*Leaves: Blades are narrowly oblong, ascending, and 10-25 mm long with a 2-6 cm long petiole.
*Capsules: 3-6 mm long.
*Seeds: Pointed at the tip and 1-1.5 mm long.
*Flowers: Mature flowers have petals that are 4-8 mm long, a calyx that is 4-5 mm long, and 4 to 5 styles.
*Anthers: Yellow.

Roundleaf Sundew - Drosera rotundifolia, native, potential SOC
*Size: Mature plants are 3-20 cm tall.
*Leaves: Blades are orbicular, spreading, and 4-12 mm long with a 1-3 cm long petiole.
*Capsules: 3-5 mm long.
*Seeds: Elongate and flat at the tip and about 1.5 mm long.
*Flowers: Mature flowers have petals that are about 6 mm long, a calyx that is just shorter, and usually 3 styles.
*Anthers: White.

Slenderleaf Sundew - Drosera linearis, native, SOC
*Size: Mature plants up to 15 cm tall.
*Leaves: Blades are linear, ascending, and 2-5 cm long.
*Capsules: 4-5 mm long.
*Seeds: Round at the tip and less than 1 mm long.
*Flowers: Mature flowers have petals that are 4-8 mm long, a calyx that is 4-5 mm long, and 4 to 5 styles.
*Anthers: Bright orange.

Species Range
Montana Range Range Descriptions


Range Comments
Circumboreal. South to California, Montana, and Saskatchewan (Lesica et al. 2012).

Observations in Montana Natural Heritage Program Database
Number of Observations: 125

(Click on the following maps and charts to see full sized version) Map Help and Descriptions
Relative Density



(Observations spanning multiple months or years are excluded from time charts)

English Sundew grow with Spaghnum moss in wet, organic soils of fens in the montane zone (Lesica et al. 2012). Plants may also occur in grass or sedge dominated seeps (Rice 2019).
Predicted Suitable Habitat Model

This species has a Predicted Suitable Habitat Model available.

To learn how these Models were created see

Ecological Systems Associated with this Species

Food Habits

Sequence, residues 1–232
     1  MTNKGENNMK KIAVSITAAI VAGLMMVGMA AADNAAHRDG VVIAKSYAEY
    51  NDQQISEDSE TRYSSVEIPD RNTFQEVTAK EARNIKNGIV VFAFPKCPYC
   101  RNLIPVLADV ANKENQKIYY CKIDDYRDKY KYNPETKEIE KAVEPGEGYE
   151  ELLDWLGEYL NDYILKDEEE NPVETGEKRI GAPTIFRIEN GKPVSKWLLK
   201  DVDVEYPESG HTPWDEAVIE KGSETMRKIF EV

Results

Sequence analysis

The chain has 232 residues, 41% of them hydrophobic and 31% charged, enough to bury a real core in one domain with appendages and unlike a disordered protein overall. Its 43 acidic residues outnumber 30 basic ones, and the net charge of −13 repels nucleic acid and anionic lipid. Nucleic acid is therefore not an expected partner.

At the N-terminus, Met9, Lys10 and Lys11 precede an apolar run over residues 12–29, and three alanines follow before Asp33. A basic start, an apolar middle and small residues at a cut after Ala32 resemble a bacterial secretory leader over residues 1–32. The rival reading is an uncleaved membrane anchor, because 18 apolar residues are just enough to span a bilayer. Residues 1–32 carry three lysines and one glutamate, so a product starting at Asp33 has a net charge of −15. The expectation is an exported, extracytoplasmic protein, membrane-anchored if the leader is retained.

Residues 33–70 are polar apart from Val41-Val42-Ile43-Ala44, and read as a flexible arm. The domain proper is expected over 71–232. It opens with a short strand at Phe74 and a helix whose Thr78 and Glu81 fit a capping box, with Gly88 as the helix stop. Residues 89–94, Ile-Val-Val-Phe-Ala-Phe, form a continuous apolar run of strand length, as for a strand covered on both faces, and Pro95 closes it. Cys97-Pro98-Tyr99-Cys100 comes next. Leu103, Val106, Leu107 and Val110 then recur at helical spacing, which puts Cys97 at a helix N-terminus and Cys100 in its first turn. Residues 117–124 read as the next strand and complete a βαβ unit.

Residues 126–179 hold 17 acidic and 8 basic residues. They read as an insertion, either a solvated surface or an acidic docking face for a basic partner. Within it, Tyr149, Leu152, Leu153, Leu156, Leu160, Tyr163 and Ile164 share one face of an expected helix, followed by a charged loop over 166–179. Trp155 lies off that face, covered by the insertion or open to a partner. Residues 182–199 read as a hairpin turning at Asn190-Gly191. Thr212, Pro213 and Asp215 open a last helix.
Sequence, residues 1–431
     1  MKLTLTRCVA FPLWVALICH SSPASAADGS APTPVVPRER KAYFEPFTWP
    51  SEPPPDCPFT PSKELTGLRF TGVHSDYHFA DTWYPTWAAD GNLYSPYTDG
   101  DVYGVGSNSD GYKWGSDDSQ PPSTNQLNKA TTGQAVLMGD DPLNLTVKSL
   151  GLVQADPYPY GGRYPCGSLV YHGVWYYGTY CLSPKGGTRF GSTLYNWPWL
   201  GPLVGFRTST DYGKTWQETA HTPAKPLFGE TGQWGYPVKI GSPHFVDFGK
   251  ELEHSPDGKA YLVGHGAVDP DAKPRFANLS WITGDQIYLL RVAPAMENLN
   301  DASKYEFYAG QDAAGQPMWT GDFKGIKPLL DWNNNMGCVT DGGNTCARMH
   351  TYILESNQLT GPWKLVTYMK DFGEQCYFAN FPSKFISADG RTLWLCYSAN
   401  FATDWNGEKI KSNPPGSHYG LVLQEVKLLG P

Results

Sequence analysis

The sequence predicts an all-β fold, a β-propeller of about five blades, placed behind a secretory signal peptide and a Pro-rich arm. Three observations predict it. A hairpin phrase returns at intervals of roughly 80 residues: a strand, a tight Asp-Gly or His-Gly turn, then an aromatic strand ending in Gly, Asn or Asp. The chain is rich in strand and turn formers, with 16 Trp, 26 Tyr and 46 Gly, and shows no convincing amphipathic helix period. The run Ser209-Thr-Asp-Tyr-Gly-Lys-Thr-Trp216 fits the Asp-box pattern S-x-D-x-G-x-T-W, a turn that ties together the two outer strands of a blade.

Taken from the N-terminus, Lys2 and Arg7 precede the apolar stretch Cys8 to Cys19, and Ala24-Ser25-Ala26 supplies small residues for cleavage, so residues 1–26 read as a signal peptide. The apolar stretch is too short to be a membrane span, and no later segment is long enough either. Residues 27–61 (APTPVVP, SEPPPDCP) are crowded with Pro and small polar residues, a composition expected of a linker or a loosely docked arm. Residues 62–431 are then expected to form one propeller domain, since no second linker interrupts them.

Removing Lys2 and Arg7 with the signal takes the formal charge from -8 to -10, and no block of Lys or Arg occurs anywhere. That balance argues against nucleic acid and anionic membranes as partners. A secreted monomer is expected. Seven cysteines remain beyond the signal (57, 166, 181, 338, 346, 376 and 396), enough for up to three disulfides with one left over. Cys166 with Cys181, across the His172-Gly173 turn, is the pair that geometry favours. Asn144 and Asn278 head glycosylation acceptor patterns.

Drosera anglica traps and digests primarily insects from the Dipteran and Coleopteran orders as well as many other arthropods (Wolf et al. 2006).

Drosera anglica is most likely originated as a sterile hybrid of D. linearis x D. rotundifolia (Wood 1955; Hoyo et al. 2015). The species later became fertile possibly due to a natural chromosome doubling event (Rice 2019). Where their ranges overlap, D. anglica and D. rotundifolia may also hybridize to form the resulting hybrid Drosera x obovata (Wood 1955).

English Sundew typically grows on floating mats covered with Sphagnum mosses. It is also closely associated with many Carex species including C. limosa and C. lasiocarpa and herbaceous dicots such as Menyanthes trifoliata. Other rare species found only in Sphagnum fens can typically be found in association with Drosera anglica as well. Source: Wolf et al. 2006.

Because of its smaller stature, Drosera anglica is often overtaken by Sphagnum mosses and outcompeted for sunlight. Consequently, access to sunlight is a significant limiting factor in the distribution of English Sundew (Wolf et al. 2006).

Competition with other carnivorous plants and ants for prey is also limiting for English Sundew (Thum 1986; Gibson 1991). Ants have been observed stealing prey insects off the leaves of Drosera species (Thum 1989).

Prey insects are initially lured to plants by their brilliant red gland stalks (Wolf et al. 2006). This pigmentation may vary due to environmental effects such as sun exposure and inundation (Rice 2019). After landing or climbing onto the leaves, prey get stuck to the longer, trapping glands on the margins of the leaves which hold them in place while the shorter glands secrete digestive enzymes (Lloyd 1942). A bending of the leaf petiole to fold the leaf over itself also assists in keeping prey in place once entrapment has occurred (Darwin 1897).

Reproductive Characteristics